Scott Morrison thinks so—he’s the entrepreneur and denim enthusiast behind 3×1 (the name comes from the 3×1 Right Hand Twill—the traditional weave used for jeans). Formerly the founder of Paper Denim & Cloth and Earnest Sewn, Morrison has positioned himself as a denim demigod with the power to accentuate your backside with well-placed pockets, or elongate limbs with his signature raw hemline.
So we asked Morrison: What makes the perfect pair of jeans? Ahead, the designer explains how 3×1 is revolutionizing the way we shop by reminding us of the elegance of quality denim.
“I love seeing what women post on their Instagram, how they style it, and how they always seem like they have somewhere to go,” Brandon Maxwell says. “That truly, truly gives me joy.” The designer isn’t exaggerating–his life, almost since childhood, has been dedicated to making women feel beautiful. According to the Brandon Maxwell brand story—basically the designer’s biography—as a boy, Maxwell spent a lot of time at a women’s boutique in Texas where his grandmother worked. There, he got his first taste of styling, which became his career before he launched his eponymous label in 2015.
Being around women—his grandma, his mom, his high school friends before he was styling supermodels and Lady Gaga—has given the fashion designer an uncanny connection with his female clientele and colleagues. “I feel so blessed to work with a team of incredible women who, over that time, grow, evolve and adapt together,” Maxwell says about the group effort behind his successful clothing line. “Seeing our community come together has been an extremely enriching experience that I could have never even imagined when I started the brand.”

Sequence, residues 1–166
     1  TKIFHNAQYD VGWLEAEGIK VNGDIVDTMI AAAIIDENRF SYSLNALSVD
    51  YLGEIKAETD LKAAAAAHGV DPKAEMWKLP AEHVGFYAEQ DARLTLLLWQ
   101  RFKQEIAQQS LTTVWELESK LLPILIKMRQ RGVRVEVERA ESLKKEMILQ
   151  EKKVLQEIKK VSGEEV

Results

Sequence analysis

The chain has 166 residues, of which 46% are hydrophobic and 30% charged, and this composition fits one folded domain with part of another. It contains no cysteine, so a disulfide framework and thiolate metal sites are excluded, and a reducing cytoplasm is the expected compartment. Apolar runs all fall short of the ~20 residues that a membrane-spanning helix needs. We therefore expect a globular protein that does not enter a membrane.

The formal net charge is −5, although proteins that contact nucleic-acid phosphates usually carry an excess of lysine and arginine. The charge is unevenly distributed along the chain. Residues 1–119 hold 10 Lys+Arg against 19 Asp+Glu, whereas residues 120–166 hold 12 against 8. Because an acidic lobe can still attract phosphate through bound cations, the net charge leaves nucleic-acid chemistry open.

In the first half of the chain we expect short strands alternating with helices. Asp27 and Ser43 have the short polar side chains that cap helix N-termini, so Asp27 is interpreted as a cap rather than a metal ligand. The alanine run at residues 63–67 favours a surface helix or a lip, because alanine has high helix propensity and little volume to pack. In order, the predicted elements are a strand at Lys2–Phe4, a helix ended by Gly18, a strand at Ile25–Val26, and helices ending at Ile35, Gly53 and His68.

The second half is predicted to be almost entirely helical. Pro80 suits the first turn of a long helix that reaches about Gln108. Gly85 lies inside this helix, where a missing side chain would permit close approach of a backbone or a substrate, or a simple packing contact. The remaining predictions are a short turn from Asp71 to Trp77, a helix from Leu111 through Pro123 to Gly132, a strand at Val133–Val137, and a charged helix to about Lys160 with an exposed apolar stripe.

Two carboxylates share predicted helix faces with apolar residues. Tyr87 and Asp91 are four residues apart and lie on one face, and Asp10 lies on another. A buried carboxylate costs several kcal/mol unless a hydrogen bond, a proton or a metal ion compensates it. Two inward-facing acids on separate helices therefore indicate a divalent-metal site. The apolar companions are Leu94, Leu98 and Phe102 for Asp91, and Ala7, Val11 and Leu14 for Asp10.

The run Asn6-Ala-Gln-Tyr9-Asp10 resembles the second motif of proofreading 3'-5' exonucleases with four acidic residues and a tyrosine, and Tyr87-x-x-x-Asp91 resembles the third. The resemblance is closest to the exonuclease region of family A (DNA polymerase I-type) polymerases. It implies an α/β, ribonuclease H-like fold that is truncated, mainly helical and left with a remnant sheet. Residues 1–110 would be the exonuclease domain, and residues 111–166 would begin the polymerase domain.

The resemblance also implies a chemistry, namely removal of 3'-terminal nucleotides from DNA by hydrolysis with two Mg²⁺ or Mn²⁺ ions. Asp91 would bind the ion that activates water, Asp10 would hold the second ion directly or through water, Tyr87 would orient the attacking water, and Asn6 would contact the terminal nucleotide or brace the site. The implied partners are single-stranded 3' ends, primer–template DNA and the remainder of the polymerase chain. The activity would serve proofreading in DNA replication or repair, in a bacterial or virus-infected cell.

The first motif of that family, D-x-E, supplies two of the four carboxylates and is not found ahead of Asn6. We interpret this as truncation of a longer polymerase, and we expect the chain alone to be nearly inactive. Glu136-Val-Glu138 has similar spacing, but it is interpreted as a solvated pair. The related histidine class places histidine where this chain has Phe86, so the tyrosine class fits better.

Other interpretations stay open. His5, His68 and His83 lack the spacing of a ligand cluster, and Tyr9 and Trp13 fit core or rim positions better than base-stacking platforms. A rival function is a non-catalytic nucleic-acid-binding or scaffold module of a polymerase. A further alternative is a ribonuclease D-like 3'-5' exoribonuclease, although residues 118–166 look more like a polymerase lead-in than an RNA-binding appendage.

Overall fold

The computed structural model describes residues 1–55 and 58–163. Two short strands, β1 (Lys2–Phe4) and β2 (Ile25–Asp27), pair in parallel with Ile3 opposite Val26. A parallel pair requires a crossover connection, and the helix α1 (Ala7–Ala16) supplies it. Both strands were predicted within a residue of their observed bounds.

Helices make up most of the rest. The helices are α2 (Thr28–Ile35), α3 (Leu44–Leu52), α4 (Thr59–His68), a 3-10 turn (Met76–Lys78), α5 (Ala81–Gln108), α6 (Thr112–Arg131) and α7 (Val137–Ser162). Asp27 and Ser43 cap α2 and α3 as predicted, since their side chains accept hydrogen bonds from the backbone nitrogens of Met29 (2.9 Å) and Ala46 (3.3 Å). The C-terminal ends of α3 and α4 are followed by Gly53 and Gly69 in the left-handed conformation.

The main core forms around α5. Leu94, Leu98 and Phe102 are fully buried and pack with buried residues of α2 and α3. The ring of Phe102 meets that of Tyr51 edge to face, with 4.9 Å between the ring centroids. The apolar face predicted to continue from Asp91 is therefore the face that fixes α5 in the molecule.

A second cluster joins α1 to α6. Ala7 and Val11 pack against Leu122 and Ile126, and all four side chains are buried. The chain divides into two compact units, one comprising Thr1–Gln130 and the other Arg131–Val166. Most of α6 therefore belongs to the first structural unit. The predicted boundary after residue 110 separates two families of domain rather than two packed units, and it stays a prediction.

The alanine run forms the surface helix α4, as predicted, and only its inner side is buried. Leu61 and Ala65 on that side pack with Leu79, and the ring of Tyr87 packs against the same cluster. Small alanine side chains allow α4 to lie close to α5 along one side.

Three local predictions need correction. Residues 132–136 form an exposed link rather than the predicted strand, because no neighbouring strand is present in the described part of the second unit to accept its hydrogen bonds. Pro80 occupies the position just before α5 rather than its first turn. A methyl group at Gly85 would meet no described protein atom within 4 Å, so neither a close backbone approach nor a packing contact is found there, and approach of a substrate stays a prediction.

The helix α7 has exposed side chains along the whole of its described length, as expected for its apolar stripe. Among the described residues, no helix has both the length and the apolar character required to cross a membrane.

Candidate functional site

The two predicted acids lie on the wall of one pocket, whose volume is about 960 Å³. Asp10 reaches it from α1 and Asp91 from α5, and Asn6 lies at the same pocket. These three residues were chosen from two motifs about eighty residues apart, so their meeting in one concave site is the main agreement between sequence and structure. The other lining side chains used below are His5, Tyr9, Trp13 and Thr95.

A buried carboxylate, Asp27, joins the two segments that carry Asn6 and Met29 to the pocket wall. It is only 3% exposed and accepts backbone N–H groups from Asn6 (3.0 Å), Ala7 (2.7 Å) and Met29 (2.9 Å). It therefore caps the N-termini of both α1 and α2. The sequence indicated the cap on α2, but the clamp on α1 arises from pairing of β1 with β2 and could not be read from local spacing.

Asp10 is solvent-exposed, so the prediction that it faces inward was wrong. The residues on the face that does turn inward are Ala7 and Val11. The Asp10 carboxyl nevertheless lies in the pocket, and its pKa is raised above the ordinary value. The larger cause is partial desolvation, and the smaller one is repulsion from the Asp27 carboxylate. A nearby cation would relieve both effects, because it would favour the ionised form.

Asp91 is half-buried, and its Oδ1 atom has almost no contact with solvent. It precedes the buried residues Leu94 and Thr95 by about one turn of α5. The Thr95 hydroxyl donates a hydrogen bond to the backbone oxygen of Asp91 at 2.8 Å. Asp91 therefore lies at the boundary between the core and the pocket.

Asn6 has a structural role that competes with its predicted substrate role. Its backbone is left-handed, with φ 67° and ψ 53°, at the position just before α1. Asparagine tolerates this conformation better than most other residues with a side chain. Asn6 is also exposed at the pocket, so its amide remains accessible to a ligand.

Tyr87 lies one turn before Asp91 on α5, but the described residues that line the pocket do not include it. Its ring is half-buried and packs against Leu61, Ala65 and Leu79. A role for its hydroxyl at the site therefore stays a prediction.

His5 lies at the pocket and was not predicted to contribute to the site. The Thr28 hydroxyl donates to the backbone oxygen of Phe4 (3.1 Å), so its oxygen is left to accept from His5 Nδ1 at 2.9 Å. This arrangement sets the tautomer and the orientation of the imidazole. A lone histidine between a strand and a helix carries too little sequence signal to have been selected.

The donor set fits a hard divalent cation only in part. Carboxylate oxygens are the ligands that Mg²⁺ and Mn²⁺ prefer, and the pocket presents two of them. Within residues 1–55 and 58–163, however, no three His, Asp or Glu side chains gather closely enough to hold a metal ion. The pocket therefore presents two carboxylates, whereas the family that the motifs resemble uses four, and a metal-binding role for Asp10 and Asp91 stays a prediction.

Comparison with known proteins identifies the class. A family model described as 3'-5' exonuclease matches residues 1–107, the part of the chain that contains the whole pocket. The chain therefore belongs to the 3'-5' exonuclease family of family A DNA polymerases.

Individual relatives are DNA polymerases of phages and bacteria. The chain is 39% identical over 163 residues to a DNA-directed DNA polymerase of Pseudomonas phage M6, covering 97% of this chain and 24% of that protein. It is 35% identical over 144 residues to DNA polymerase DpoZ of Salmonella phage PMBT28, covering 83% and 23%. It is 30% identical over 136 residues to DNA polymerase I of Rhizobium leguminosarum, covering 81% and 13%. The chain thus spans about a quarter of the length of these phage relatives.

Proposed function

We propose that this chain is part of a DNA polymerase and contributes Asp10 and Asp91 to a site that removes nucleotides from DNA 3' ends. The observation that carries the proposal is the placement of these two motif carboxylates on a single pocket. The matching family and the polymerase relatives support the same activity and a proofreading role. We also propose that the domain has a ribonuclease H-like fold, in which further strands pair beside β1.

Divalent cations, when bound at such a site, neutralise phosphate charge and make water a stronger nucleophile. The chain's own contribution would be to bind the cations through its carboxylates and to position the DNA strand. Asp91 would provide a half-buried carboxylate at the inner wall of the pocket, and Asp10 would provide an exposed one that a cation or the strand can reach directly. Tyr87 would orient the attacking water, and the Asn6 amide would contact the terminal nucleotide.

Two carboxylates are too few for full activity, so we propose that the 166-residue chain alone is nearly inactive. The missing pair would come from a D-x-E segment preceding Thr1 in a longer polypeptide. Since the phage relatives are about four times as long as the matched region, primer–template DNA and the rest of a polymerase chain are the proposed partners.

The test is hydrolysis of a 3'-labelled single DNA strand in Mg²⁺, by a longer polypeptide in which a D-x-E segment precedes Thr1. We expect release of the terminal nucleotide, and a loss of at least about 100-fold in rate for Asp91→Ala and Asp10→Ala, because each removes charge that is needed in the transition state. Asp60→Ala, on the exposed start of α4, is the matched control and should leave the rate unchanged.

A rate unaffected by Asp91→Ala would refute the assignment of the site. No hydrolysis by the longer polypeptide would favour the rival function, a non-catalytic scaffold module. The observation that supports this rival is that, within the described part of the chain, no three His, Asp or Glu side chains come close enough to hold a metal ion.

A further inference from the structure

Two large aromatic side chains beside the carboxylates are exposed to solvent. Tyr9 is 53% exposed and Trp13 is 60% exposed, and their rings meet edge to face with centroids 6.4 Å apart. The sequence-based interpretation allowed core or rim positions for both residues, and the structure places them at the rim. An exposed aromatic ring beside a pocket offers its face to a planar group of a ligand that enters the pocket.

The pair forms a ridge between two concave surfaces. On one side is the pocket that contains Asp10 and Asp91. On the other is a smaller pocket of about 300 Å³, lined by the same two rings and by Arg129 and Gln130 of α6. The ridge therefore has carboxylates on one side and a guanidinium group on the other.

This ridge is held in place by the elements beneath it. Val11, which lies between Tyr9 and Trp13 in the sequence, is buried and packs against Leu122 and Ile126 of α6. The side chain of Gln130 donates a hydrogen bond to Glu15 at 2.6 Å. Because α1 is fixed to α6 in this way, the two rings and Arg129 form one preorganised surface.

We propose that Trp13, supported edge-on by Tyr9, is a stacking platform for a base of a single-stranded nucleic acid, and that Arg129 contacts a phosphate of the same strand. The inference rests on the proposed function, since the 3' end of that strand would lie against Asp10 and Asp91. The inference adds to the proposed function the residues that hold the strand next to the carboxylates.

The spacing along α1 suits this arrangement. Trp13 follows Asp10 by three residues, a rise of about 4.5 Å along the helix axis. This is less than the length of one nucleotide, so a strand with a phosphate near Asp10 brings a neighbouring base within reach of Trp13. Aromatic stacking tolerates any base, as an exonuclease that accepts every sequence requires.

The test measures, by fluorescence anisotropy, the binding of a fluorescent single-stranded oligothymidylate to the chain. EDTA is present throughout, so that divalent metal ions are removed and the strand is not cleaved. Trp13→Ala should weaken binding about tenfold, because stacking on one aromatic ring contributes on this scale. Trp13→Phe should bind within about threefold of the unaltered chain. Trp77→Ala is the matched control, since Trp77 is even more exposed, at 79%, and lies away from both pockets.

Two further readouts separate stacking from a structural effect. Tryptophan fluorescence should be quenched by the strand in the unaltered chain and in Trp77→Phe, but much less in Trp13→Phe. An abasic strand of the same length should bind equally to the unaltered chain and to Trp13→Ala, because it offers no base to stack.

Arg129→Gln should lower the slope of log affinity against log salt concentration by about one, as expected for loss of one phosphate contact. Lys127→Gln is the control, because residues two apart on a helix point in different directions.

Maxwell was recently at our Green Hills store in Nashville, where he took a moment to talk to us about how he makes women feel so great, his mom and his spring collection—which, for the first time, includes denim.
Charming and beautifully offbeat, Florence Balducci’s imaginative illustrations are like the fanciful drawings inside a children’s storybook. The Parisian artist’s signature quirky works now appear on Anthropologie monogrammed mugs, which make the perfect companion to your morning coffee.
To celebrate Anthropologie Home’s arrival at Nordstrom, Balducci created an original piece exclusively for us in our Downtown Seattle store. We caught up with the Paris-based artist as she prepared for this installation—an elaborate labor of love–to discuss her artistic process, from inspiration to execution, and how she plans the perfect dinner party around her tableware.
Nicki Minaj is playing in the background when Becca McCharen-Tran picks up the phone in her Brooklyn studio. “Can you hear me OK?” she asks. Like the rap queen she’s blasting, the Chromat designer doesn’t usually struggle to get her message across. Both women share outspoken positions on female empowerment as well as a fascination with colorful, form-fitting fashions. For McCharen-Tran, the two combine in her feisty fashion shows, where models storm the runway wearing her body-baring swimwear while showcasing their personalities. Chromat breaks with the usual runway displays, where a homogenous group of models walks carefully comported so as not to distract from the fashion. Instead, McCharen-Tran encourages her diverse group to cavort on the runway, smiling and winking at the audience at will. Her casting reflects this ethos. The calls are open to anyone, really. Any gender, any size, any ethnicity.
“It’s really about what kind of energy you’re bringing to the runway,” McCharen-Tran said. “We’re never filling certain size quotas or anything. It’s really about who shows up to the casting in full power mode and slays the runway.”
Kristin Frossmo has been with Nordstrom for 29 years—almost as long as her identical twin sister. She started out selling shoes in the Seattle store and now, as an executive vice president and general merchandise manager, has what many—including her—consider a dream job: she oversees all footwear.
Wearing white Céline booties and a Chloé skirt, Kristin met us in her office overlooking downtown Seattle to discuss her career and advice for young professionals, as well as her passion for shoes that dazzle—and top picks for spring.